What kind of Congress do you want? | SummitDaily.com
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What kind of Congress do you want?

What kind of Congress do you want? That “s the question behind all the noise in recent weeks about boundary lines between Colorado’s seven congressional districts.

A minority in the Legislature last year, through stalling tactics, got a judge to select its map that leaned toward one kind of Congress.

A majority in the Legislature this year, after voters elected a new Senate, passed SB-352 with a different map that leans toward quite another kind of Congress.



Which map you like depends on two factors. (1) Whether you think laws should be made by appointed judges or by the people’s elected representatives.

And (2) what kind of Congress you want.



I want the kind of Congress that keeps our taxes down, respects our values as Westerners and stands up for America against our enemies.

I don’t want a Congress that agrees with the New York liberals on bigger government and with the Hollywood left on blaming America.

Most Coloradans feel the same.

People in our state have generally liked Congress’ decision-making a lot better in the past eight years, with the heartland Republicans in charge, than they did in the previous 40 years with the tax-and-spend Democrats in charge.

It’s been a welcome change. That’s why I decided, as a Republican leader in Colorado, that if voters put us back in the legislative majority for 2003, one of our goals should be to blunt the Democratic drive for recapturing Congress through districts drawn in their favor.

That’s where SB-352 came from: not from a sinister D.C. plot this spring, but from a quiet decision in the public interest that some of us made 18 months ago.

Is it a decision in the public interest? Darn right. Political parties embody competing visions of what the public interest is. My party’s vision emphasizes individual freedom and individual responsibility.

We believe that approach best serves everyone, even those who might think themselves better served by collectivism.

We respect others whose visions may differ, but we make no apology for ours.

We believe it’s the right one for Colorado and the country. My party is honestly seeking the common good – as we see it – when we argue for our kind of Congress.

The other party saw hope for its kind of Congress when Judge John Coughlin took the remapping decision away from a stalemated Legislature in early 2002.

He ordered the elections to be held under a

Democrat-drawn map that could have shifted the state’s congressional delegation from four Republicans and two Democrats to three Republicans and four Democrats, based on voting patterns in previous races for president.

The Coughlin ruling not only split the Western Slope across communities and watersheds – it also made that 3rd District attractive to an Al Gore-type candidate. Besides imposing illogical boundaries in the Denver suburbs, it loaded the new 7th District with voters who had preferred Gore in 2000. The Democrats’ failure to win either seat in 2002 was small comfort. The numbers were going to favor them in time.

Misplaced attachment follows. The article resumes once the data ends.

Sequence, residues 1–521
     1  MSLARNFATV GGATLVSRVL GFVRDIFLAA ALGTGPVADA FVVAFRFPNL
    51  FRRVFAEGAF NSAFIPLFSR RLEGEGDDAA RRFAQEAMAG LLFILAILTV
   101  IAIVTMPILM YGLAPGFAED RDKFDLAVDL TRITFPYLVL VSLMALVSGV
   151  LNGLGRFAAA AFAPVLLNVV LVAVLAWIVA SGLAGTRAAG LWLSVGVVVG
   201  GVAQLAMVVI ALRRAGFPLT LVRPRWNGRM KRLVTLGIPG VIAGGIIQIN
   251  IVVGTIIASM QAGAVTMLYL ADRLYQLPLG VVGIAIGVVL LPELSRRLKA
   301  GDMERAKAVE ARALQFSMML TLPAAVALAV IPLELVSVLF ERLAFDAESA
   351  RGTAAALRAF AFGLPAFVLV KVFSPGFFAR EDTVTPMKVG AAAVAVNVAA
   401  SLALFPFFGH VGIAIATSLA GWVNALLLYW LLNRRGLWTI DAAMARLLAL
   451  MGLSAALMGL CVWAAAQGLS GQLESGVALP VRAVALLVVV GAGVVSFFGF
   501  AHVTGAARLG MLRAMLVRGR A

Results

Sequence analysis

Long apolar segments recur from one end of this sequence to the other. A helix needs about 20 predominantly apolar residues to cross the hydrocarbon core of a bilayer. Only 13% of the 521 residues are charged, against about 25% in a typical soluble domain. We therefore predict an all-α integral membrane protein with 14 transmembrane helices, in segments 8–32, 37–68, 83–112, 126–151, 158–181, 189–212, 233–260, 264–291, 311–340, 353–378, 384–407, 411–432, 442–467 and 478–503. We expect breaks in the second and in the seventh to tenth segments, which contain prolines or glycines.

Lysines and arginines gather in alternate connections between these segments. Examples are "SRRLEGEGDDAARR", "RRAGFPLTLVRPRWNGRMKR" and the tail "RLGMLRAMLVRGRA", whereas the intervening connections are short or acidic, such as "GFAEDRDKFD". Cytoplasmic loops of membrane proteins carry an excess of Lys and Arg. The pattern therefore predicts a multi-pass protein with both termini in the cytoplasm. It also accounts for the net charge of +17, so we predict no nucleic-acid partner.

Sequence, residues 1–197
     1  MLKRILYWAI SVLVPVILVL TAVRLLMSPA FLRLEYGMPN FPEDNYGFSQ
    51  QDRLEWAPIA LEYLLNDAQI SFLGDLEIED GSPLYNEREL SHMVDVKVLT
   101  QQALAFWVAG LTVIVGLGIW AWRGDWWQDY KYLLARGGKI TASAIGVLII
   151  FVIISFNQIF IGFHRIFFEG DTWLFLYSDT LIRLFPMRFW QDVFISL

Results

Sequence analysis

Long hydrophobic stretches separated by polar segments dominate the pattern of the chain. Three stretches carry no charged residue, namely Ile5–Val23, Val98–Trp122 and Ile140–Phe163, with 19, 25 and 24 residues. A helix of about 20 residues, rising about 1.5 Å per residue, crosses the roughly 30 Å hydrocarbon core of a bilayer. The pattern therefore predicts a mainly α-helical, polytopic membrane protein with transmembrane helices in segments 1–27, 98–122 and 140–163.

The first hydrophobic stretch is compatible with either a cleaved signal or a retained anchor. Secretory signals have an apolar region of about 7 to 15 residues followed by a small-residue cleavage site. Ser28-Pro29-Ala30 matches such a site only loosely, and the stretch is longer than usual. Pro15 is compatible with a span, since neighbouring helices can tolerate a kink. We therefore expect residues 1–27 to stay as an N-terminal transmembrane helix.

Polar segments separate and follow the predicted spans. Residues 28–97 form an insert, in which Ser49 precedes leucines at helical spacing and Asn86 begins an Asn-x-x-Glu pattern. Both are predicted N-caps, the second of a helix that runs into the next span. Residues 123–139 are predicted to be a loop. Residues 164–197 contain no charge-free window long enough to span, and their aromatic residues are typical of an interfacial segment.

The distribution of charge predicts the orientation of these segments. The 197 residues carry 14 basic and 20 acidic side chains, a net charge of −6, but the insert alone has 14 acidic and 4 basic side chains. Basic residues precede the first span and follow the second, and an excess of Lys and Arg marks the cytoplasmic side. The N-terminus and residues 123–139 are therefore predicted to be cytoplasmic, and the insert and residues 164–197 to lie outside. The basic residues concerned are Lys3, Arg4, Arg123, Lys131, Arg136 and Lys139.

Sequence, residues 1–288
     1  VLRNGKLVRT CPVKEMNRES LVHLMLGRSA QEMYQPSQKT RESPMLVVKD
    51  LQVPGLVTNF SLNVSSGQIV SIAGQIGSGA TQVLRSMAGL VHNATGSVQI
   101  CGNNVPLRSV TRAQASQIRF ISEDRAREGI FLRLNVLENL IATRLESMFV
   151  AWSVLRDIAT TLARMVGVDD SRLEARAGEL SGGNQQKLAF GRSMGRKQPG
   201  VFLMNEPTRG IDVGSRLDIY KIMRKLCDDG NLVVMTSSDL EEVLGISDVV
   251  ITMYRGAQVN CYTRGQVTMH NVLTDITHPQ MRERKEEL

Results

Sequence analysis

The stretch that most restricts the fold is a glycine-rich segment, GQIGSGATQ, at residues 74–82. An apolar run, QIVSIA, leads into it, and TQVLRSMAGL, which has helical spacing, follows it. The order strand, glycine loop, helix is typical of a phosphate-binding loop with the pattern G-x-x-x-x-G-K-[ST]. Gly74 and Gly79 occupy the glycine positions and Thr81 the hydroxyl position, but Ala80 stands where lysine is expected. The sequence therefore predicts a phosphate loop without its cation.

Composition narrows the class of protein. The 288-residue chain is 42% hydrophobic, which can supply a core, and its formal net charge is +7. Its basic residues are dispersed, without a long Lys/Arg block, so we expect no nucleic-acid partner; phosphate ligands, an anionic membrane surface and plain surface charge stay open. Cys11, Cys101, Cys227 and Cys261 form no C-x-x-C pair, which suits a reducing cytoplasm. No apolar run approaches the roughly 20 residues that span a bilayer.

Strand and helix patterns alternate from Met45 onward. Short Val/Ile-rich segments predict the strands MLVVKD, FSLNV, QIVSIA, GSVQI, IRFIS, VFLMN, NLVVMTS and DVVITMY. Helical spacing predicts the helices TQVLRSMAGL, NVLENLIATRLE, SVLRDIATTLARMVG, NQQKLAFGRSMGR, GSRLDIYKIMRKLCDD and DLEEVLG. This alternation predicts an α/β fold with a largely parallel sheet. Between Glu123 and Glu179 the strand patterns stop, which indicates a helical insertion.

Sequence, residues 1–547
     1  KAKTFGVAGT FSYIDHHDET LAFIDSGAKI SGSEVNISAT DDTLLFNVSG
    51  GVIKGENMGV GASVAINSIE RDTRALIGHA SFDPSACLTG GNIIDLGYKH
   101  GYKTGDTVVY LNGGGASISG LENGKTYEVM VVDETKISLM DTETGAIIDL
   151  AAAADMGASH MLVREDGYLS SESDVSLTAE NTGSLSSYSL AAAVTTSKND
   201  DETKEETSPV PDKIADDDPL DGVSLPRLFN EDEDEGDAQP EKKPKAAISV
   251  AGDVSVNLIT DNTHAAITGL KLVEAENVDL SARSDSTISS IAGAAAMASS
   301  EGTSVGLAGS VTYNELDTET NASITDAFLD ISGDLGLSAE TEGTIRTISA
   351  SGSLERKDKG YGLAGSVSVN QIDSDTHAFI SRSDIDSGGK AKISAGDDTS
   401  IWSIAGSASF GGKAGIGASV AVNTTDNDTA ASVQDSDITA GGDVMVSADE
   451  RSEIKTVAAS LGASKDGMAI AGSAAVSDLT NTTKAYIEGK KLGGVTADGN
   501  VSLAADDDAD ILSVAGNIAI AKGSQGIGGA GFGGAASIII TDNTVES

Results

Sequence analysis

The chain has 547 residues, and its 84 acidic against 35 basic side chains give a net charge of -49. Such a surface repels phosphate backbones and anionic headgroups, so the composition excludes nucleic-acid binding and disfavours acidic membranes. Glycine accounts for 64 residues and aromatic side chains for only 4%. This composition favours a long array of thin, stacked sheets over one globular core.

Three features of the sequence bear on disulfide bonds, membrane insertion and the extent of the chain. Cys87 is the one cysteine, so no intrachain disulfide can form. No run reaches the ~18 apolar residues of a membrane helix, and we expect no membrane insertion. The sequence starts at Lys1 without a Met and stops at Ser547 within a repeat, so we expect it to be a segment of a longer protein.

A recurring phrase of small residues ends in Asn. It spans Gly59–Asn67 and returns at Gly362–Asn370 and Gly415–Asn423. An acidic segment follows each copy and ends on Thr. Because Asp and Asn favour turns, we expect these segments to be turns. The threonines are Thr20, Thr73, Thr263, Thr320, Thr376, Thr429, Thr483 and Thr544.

“What kind of Congress do you want?” was one of many questions facing me, Sen. Ken Chlouber, R-Leadville, and Doug Lamborn, R-Colorado Springs, as we entered Senate leadership last January.

We didn’t want a Congress where Dick Gephardt would be Speaker and the Baghdad Democrats would have chairmanships. We believed our constituents didn’t either.

America is better served by Congress as it is. To help keep it that way, we set our sights on correcting the many flaws in Judge Coughlin’s map – including the advantage he had handed Gephardt’s party in the 3rd and 7th Districts.

After Chlouber said this in the papers, freshman Republican Rep. Bob Beauprez, winner by a nose in the 7th, urged me to drop the idea. I politely declined.

Lamborn wanted to introduce a redistricting bill early, but I asked him to wait. We had budget deficits, a drought and a recession to deal with.

Auto and health insurance, education, transportation and public safety crowded our agenda. House Speaker Lola Spradley, majority leaders Rep. Keith King and Sen. Norma Anderson all agreed with me it had to be first things first.

Not until the final week of the session was our plate clean enough to take up SB-352 – the redistricting bill that Colorado’s Constitution directs us to pass after each census, the bill that stalling Democrats had prevented us from passing in 2001 or 2002.

They attempted to stall again this time – fair enough – but after much drama, the bill was enacted on May 7 and became law with Gov. Bill Owens’ signature on May 9.

The state will be more effectively represented in Washington, D.C., because of it.

Fantasies aside, there only two kinds of Congress to choose from – one where 3rd District Rep. Scott McInnis and other Republicans hold the majority, or one where 1st District Rep. Diana DeGette and other Democrats do.

Nonpartisanship is not an option. And that’s why SB-352 is the right map for Colorado’s congressional delegation in this decade.

State Sen. John Andrews, R-Centennial, is president of the Colorado Senate.


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